Archive | Organic / Low Input Systems

This section includes a collection of research activities to reduce the use of chemicals in Wisconsin cropping systems. Also, organic systems are evaluated in terms of production, weed control and profitability with feed-grade premiums.

Flame Weeding Corn on the WICST Plots

Good weed control is crucial in organic systems. However, erosion is a concern with the high tillage intensity inherent to organic row crop production. It’s also known that tillage and cultivation can bring up buried weed seed and stimulate weed seed germination. A lower disturbance option for controlling weeds is to combine [...] More »

Evaluation of Seed Treatments for Organic Corn - 2006

In 2003, to comply with the National Organic Program (NOP) standards, we started using certified organic seed (untreated, non-GMO) for our organically managed systems on the WICST plots. In both organic systems (CS3 & CS5), the corn phase followed a plowdown legume, typically tilled the previous fall. Even with delayed planting we consistently [...] More »

Using Rye as a Cover Crop in Organic Soybeans

This report was the result of an independent project that includes a literature review on using rye as a mulch and an allelopathic crop.  It was the prelude to a Master Degree project using on-farm and on-station plots. Author: Emily Bernstein More »

A Constant Goal, Changing Strategies: The Krusenbaum Dairy Farm (1996-2005)

This case study documents the trajectory of a successful alternative dairy farm in southeastern Wisconsin. The 1990’s were a difficult period for dairying and the Krusenbaum family entered this shifting field in 1990 with a 37 cow Holstein herd in a stanchion barn, 88 tillable hectares and a vision to gradually develop a biodynamic [...] More »

Effect of Dairy Slurry Application on Soil Compaction and Corn Yield in Southern Wisconsin

A B S T R A C T As stocking rates on Wisconsin dairy farms continue to increase, one possible nutrient management solution is to haul slurry to nearby grain farmer’s fields. Although the nutrient and soil building benefits of manure are well known, many grain farmers are hesitant to apply manure on their fields due to potential soil [...] More »

Increasing Crop Rotation Diversity: A Comparison of Conventional Grain Systems on WICST (1998-2006).

Since the mid-20th century, with the advent of cheap fertilizer and herbicides, many farmers have adopted high chemical input, low cropping diversity systems. However, the recent trend of increasingly high input costs has more and more farmers rethinking this strategy. As crude oil costs have skyrocketed (>$130/barrel in July 2008), many inputs derived [...] More »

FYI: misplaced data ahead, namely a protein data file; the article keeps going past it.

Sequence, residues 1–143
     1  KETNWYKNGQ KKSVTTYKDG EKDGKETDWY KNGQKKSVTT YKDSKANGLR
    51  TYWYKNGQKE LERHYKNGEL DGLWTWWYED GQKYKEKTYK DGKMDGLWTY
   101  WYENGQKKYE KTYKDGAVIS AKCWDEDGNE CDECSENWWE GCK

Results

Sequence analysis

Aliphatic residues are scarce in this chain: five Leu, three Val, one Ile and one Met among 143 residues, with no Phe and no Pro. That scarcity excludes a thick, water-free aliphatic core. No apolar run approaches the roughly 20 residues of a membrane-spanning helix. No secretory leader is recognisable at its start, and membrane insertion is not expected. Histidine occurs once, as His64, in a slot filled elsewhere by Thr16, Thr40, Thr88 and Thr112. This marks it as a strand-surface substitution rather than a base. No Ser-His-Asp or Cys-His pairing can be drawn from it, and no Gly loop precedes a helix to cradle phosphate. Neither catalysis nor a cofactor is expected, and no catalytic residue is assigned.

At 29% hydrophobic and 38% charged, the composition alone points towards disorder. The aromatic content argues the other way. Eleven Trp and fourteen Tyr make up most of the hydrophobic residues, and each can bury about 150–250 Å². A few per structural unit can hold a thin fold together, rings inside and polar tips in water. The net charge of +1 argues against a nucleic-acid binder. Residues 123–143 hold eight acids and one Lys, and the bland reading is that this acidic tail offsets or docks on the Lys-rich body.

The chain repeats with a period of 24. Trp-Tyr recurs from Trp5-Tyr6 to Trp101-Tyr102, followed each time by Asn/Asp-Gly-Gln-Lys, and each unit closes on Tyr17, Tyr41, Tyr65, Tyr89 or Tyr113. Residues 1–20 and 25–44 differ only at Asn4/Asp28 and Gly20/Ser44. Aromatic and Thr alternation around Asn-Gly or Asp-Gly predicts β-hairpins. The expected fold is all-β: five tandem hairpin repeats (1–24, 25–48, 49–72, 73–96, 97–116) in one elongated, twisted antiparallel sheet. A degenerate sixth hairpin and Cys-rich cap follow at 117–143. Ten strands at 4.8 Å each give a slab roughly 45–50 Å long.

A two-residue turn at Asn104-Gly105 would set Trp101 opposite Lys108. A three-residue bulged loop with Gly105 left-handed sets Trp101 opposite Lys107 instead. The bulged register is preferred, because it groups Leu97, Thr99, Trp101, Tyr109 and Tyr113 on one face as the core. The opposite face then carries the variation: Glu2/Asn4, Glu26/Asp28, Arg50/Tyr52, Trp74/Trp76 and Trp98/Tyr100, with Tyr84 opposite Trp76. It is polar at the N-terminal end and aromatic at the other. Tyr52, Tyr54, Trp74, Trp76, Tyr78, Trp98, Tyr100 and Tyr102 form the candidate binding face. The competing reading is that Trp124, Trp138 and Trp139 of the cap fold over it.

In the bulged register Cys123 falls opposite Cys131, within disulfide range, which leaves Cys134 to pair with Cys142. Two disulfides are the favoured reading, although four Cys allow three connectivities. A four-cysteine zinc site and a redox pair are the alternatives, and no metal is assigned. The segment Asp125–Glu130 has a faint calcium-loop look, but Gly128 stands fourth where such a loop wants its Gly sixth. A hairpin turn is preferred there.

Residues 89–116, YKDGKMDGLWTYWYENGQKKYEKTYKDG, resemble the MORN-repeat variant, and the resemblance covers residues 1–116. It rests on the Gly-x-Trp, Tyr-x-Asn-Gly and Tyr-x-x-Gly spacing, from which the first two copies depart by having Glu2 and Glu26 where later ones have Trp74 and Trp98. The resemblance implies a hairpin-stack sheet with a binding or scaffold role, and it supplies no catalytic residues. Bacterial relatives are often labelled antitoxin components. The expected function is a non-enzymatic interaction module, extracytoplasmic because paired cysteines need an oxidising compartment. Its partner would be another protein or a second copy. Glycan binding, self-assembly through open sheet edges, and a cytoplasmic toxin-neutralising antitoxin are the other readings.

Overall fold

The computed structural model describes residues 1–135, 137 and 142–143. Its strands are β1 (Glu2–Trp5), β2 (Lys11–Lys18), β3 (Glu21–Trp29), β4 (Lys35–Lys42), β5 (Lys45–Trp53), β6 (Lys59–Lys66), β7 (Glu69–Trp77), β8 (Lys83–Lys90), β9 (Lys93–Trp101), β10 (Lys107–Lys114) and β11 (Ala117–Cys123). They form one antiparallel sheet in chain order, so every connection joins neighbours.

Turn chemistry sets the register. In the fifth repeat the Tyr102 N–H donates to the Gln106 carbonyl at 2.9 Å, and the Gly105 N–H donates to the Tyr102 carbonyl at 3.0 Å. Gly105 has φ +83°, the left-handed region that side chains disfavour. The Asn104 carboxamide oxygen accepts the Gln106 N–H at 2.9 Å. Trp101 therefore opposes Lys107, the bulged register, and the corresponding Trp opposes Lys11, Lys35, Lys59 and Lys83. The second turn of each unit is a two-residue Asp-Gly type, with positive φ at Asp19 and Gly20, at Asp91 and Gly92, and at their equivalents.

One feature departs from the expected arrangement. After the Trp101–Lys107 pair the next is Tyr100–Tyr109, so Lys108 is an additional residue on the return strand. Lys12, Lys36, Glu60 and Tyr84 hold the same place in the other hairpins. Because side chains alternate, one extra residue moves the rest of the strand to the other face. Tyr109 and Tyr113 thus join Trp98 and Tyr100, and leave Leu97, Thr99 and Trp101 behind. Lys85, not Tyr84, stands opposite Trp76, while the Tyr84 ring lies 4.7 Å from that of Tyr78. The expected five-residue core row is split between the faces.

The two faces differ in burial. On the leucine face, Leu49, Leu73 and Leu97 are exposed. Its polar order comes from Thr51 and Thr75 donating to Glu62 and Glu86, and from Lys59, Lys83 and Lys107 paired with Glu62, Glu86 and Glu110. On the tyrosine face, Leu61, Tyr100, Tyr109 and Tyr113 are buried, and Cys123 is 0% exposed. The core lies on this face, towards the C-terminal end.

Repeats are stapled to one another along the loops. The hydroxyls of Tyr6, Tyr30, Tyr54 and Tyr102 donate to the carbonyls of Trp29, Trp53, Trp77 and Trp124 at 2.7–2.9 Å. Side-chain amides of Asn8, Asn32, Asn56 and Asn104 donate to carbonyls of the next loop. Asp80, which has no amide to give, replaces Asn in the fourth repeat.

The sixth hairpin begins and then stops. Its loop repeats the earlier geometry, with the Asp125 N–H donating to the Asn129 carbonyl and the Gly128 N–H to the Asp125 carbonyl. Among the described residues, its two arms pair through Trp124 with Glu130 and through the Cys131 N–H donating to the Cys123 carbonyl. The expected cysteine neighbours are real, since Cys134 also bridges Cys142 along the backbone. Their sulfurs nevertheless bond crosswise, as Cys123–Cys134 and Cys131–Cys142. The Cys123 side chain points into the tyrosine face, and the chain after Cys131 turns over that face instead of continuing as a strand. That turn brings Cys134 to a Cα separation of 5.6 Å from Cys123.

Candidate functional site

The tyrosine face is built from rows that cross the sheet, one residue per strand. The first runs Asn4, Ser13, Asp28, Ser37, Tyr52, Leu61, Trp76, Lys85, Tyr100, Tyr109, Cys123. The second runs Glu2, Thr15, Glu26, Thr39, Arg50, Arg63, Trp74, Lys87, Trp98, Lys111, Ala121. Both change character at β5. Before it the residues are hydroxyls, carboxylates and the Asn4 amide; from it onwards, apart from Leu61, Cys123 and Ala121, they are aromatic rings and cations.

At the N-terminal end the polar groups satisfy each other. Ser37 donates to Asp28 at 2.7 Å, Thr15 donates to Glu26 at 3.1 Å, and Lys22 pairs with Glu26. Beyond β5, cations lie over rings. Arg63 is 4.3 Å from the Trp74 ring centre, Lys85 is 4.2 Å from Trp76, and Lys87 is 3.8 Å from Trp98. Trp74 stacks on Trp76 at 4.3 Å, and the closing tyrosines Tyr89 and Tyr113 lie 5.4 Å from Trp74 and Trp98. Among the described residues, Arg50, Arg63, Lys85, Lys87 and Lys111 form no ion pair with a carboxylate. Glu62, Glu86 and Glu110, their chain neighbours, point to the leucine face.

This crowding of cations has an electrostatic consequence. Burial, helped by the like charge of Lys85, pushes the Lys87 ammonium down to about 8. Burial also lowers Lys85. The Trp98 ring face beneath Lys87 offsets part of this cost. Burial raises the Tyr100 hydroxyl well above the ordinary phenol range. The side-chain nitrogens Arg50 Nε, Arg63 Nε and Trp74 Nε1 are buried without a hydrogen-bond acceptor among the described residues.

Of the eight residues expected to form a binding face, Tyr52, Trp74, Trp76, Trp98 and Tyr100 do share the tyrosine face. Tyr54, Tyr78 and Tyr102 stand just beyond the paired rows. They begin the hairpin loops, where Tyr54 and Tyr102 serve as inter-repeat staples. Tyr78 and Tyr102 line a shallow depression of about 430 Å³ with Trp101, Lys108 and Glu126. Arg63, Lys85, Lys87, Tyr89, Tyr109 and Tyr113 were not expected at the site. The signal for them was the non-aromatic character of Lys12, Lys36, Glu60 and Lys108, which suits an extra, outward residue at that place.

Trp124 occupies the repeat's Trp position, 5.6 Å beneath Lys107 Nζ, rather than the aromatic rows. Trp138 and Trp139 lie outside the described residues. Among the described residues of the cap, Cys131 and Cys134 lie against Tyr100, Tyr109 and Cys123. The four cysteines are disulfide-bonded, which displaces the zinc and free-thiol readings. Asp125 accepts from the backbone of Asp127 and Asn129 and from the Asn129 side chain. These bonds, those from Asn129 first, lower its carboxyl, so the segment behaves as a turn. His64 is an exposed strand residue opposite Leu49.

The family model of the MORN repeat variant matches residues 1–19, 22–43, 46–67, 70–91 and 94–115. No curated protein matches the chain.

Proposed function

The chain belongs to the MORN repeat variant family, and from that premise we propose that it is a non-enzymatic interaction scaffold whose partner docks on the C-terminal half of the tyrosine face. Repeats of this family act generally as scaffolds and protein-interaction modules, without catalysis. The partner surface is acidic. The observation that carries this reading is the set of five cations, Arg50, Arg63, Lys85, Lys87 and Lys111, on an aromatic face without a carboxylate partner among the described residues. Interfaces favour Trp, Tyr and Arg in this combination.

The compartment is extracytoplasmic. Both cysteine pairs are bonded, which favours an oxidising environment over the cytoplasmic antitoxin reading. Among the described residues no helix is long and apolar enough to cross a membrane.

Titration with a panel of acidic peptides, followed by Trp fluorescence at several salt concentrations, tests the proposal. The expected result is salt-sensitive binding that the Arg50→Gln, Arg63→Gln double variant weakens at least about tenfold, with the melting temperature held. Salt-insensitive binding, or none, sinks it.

Certified Organic Grain Strips - 2006

This report shows the 2006 field operations and other agronomic information by phase on the certified organic acreage at the Arlington Research Station. More »

Certified Organic Grain Strips 2005

This report shows the field operations for organic grain systems for each phase of the rotation in 2005 at both Arlington Research Station (ARS) and Michael Fields Agricultural Institute (MFAI). More »

Benefits of Diversifying the Corn-Soybean Rotation: Data from WICST 1995-2003

Since the mid-20th century, farmers have become more specialized, resulting in less diverse and higher input cropping systems. However, marginal profits, increasing pest pressure, and growing concern for pollution hazard have renewed interest in diversifying cash-grain rotations. As part of the Wisconsin Integrated Cropping Systems Trial (WICST), we compared 3 cash-grain systems with different levels [...] More »

Certified Organic Grain Strips 2004

Since the early 90’s, organic production has been gaining momentum in the upper Midwest. By 2000, Wisconsin ranked first in the nation for organic dairy cows and other livestock and third in the nation for number of certified organic farms, corn, soybean and small grain acres (USDA ERS, 2001). With the implementation of the USDA’s [...] More »